Schermaonline interviewing the World number 1 epeeist Sherraine MacKay about her balance of technical, mental and physical: All I know is for myself I have about equal share of all. Of course, on each day it changes... especially for women. Sometimes we are stronger physically, superior technically, sometimes we are unbeatable mentally. It really depends on the day which is why it is important to have all three at your command. Maybe the day of the Olympics you won’t be able to do a parry-riposte but you will have the presence of mind to attack into their preparation to avoid having to do a parry!
Can’t say I’ve had that problem at the Olympics yet. But I agree with Sherraine; it’s good to realize that things are going to be up and down (emotionally too!) and to plan for it. On Monday, my first day fencing since my little tantrum, I was not in good form. Two different people asked me if I was sick. No! But thanks for the compliment!
During the bouts I practiced what I call “fencing blind”; feeling in my fingers the pressure on my blade from my opponents blade in order to know which way the opponent is about to parry so I can slip around their guard for a touch. If I ever get it, I will be a fencing genius, particularly if it can be done while attacking/lunging. Someone once told me that parries are just your opponent telling you where they want to die: on your original attack line or in the new one they are opening up for you. Like many sports sayings, it takes seconds to say but years to learn how to do it.
I could not get my epee tip to hit where I wanted. That’s just the way it goes some days. Most people have to do multiple attacks on the hand or arm for each point, Brian does one. Brian credits himself as the world’s laziest fencer. He hardly moves, he only gets arm hits but he has five years practice at seeing and hitting the slightest opening. My problem: I don’t have enough different attacks. I have worked weeks on arm attack precision, a couple weeks on lunging and timing and pretty much, that’s it. I’m a builder who has...a hammer. What’s that? Need a wrench? Uh, let’s try hammering it. I try an arm attack. Missed. Okay, how about long lunge to the arm? Missed. Leg hit? Missed. Repeat after me, “I’m not getting humiliated, because it is all good practice.”
The rest of the bouts? “It is all good practice.”
On Friday I do an hour of speed drills and lunging/retreat lines in the parking lot. People close their windows due to prolonged gasping and grunting. I follow up with a half hour of ping pong hits. My heart feels fine (my body feels like roadkill). Two hours and two pain pills later I am at the YM/YWCA: 150 minutes of fencing!
I expect to be sluggish but instead my epee has a magic point. My brain is lightning fast. Does this mean God loves me, or that my hormones or stars are in alignment? Does it matter? I chastise the other fencers up and down the strip, and my two bouts with Amanda are 4-5, 4-5 (During the last point I gave a little scream after I got past her guard but missed the winning touch, just in time for her to recover and get the point).
Gerald’s leaving the next day for three weeks in Havana, Cuba and I wanted to give him a present: total defeat (otherwise he’ll just drink wine, eat rich food and generally have a good time). Unfortunately, other than Amanda, no one can touch him, including me. After our five point bout where he outsmarted me with timing I step in close and lay down the challenge. “You owe me 10 points.” He looked at me with steel and amusement in his eye. “Before you leave.” He promises.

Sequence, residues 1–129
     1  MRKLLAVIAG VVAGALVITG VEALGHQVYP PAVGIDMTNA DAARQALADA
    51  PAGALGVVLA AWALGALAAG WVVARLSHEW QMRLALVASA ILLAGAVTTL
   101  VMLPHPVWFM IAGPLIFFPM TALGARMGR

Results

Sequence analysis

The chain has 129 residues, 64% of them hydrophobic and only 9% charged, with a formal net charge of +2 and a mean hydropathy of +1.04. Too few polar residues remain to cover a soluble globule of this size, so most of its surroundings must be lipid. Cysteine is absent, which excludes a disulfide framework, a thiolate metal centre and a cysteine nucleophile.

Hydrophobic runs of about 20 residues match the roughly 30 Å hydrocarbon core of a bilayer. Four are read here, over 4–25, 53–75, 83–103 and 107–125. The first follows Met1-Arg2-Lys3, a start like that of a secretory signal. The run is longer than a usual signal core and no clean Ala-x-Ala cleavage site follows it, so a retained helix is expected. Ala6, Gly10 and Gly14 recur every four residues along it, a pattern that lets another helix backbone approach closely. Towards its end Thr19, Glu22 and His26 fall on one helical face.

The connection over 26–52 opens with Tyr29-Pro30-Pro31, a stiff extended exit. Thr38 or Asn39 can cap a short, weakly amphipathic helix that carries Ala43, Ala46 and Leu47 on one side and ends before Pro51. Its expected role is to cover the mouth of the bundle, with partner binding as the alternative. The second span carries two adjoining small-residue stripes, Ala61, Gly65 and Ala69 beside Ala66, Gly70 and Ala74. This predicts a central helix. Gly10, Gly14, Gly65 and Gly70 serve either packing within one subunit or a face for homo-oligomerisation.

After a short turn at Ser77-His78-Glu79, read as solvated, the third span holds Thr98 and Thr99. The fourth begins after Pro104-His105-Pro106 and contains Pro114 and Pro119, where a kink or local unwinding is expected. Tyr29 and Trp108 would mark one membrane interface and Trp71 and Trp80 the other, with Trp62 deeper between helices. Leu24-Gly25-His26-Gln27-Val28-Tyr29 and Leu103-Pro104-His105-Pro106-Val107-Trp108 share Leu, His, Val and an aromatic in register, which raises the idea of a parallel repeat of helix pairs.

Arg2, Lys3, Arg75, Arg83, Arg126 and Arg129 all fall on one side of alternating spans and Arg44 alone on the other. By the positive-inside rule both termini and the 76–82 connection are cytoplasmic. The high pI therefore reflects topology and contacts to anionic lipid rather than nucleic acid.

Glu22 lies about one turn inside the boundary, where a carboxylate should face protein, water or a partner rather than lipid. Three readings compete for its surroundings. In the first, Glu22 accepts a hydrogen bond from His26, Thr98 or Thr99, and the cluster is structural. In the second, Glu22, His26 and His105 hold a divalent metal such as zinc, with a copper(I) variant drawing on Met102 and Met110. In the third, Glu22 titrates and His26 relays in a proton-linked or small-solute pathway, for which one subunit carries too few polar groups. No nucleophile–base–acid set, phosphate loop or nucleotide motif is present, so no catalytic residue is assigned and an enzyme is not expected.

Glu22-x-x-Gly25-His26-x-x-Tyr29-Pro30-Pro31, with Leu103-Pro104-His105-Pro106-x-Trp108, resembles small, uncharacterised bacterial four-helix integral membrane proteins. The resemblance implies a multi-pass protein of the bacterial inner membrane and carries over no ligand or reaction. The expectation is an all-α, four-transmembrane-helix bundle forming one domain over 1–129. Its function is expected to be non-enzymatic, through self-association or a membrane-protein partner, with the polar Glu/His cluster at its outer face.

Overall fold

An hour later, after vowing to the slumped and defeated shoulders of William and Steve that Gerald WOULD go down, we faced off. Gerald had already turned down my offer that he might want to sprint around the block to get sufficiently winded. The last week I have practiced retreating attacks (watch out, she has claws!) which starts to come in handy along with a bit of “fencing blind” from last monday. Gerald pulls a running fleche out of somewhere but I keep whittling him down with arm and shoulder attacks.
I’m leading 9-7, one point from victory, when the milk goes sour. It’s not like I’m not getting past his guard; I see the point on his arm, shoulder, and chest but must have hit too soft as Gerald recovers and gets the light. Three points to Gerald. “Remember my burning eyes.” I called after him, “All your trip I’ll be working on your defeat!” He laughs.
William immediately comes on and I can’t get a point on him either. It’s odd because we usually get doubles (hitting each other simultaneously). I’m down 0-3 when I hit William’s chest hard enough to lift him off the ground; no light. “Halt!” We test the blade. Totally dead. Dead for the bout with William and maybe longer..... I raise my head up to see Gerald staring at me with a look of half apology and half laughter. Did I actually beat him while fencing the last three points with a dead blade? Too late, he’s escaped again. Enjoy your wine and Cuban food Gerald.
I switched blades and spent my frustration on William. “Ow” he said, holding his side. I wiped the blood off of the blade of Maria the Disembowler (figuratively). I have no remorse, I am the warrior queen; fearless and painless (thanks again pharmaceutical’s).
I had a good night. I had a good time. Especially as NO ONE offered me “advice.” Getting the body, the brain and the training to mesh is not a given, it’s a gift. I have a simple philosophy: Work hard to be ready for the bad times, and when there are good times; work harder (while laughing manically and yelling, “I love my blade”). Sometimes, epee is just great.
10 hours ago